Mr Maas, what is the relationship like between the generations? Or, to put it another way, are young and old being reunited by topics such as the climate? In the movement of 1968 young people took to the streets, today Fridays for Future are acting similarly.
The climate issue is uniting all generations. But there are also significant differences. The youth of 1968 demonstrated against the encrusted structures of the older generations. The young people in Fridays for Future are demonstrating for something that everyone approves of, especially their parents. That makes Fridays for Future far more socially desirable and acceptable in mainstream terms. There are no noticeable signs of a demarcation movement. In fact the trend is more towards consensus.
What are the characteristics of the current Generation Z which has produced Fridays for Future?
About 15 per cent of Generation Z are Fridays for Future supporters, and most of them come from the upper middle class and high schools. Generation Z itself is the smallest peer group we have had since World War II. These youngsters have grown up in prosperity. They also have very good opportunities in the job market, because increasing numbers of people are retiring.
The previous Generation Y is the one that is now raising young children. What are the characteristics in this case?
In general, the people from Generation Y are having children much later on in life. Because of the large age gap between parents and children and the permanent access to smartphones, around 90 per cent of people resort to google when they have questions about raising children. On the other hand, 90 per cent doubt that everything in the Internet is true. This leads to a high level of uncertainty and a huge increase in overprotective parents who do so much for their children that they become much less independent in many respects.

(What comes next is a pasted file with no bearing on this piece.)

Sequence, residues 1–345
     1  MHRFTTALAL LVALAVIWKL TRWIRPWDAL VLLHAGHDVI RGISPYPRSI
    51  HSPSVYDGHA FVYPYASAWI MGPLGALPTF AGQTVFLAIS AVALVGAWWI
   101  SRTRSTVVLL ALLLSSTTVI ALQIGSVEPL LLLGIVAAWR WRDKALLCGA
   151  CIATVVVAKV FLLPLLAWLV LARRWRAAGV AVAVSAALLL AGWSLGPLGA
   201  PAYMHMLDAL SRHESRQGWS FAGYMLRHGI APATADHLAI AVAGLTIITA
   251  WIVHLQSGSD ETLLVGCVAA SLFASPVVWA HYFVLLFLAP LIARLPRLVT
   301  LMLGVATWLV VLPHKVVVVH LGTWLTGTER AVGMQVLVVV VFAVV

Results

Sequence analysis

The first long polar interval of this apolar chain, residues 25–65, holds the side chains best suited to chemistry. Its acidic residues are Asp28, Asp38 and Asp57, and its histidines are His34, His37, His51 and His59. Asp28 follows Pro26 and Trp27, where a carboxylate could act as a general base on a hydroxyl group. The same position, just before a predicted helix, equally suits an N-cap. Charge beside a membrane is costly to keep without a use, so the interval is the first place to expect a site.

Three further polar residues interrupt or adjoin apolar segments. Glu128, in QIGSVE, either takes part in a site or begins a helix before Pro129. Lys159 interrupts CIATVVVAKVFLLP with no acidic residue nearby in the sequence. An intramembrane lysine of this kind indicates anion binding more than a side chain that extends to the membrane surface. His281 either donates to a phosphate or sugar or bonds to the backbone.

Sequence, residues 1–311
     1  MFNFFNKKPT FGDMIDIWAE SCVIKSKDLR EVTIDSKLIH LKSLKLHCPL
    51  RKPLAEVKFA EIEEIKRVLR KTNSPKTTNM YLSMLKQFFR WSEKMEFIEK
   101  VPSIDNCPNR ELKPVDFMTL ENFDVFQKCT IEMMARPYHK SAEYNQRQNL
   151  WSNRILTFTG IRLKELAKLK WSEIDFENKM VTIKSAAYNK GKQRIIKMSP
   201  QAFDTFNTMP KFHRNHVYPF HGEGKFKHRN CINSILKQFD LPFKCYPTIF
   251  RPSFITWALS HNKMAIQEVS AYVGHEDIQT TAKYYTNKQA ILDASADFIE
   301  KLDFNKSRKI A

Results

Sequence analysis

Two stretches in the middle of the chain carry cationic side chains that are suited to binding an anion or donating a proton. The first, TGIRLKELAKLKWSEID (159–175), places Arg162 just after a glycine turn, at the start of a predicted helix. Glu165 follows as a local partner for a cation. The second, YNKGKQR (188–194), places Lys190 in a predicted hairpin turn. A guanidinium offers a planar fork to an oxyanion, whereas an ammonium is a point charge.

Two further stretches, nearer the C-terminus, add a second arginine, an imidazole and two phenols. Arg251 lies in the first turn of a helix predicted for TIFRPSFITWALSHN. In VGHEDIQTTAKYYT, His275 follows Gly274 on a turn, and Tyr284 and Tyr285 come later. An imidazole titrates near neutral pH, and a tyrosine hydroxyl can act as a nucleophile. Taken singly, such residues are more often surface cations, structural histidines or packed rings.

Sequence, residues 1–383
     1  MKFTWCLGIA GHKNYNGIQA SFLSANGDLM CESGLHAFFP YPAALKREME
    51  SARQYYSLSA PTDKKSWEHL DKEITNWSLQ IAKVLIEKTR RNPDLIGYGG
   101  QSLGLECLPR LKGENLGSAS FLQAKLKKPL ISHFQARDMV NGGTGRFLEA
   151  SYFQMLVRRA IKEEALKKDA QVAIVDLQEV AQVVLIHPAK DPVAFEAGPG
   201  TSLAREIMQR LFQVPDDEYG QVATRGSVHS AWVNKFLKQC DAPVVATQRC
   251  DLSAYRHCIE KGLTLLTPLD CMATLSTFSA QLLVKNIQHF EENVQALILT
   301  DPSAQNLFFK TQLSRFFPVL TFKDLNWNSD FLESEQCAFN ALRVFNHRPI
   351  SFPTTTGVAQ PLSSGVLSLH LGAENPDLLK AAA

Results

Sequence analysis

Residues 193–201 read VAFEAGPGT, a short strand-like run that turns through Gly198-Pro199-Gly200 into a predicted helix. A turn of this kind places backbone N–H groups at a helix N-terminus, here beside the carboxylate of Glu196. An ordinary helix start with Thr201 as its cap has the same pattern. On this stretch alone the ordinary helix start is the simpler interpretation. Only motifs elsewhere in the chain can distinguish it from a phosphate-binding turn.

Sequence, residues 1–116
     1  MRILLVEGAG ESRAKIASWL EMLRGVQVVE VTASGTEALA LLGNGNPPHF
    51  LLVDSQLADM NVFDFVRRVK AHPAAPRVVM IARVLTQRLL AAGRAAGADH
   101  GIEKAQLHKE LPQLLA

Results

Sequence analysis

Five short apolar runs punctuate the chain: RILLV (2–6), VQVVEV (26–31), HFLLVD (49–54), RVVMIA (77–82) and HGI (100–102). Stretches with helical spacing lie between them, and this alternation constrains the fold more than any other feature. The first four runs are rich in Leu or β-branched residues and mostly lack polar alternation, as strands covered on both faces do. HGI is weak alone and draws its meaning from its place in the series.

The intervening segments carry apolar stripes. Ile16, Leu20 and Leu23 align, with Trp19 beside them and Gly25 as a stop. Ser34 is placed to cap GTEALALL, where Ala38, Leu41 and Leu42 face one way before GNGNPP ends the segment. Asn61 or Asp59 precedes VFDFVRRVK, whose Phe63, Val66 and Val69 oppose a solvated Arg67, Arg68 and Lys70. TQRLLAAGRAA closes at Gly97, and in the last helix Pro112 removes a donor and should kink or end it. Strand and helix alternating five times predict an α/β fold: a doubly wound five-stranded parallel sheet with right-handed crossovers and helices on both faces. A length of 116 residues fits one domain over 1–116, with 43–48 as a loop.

So these children are forming Generation Alpha. What kind of generation will this become?
It will be a generation that grows up to be digitally intuitive, but will experience little training in the analogue world. The analogue world will be seen increasingly as unsafe and unfamiliar, and as a result the offline world will need more rules and structures. An example: Many children will experience a break as they move from kindergarten to school, because they spend a whole day in kindergarten but only four hours in primary school. Then there will be no appropriate structures at home, because the parents are accustomed to ensuring the children always have fun and satisfy every wish immediately.
What advice would you give to today’s parents?
Put more trust in your child, be more patient, and listen to your own gut feeling rather than resorting to google. What did I like as a child? Were my parents always around? Learn to let go in the analogue world and keep a closer eye on the children in the digital world.
Rüdiger Maas studied psychology and founded the Institute for Generation Research in Augsburg four years ago. The institute regularly gathers nationwide data on all generations in order to predict trends.
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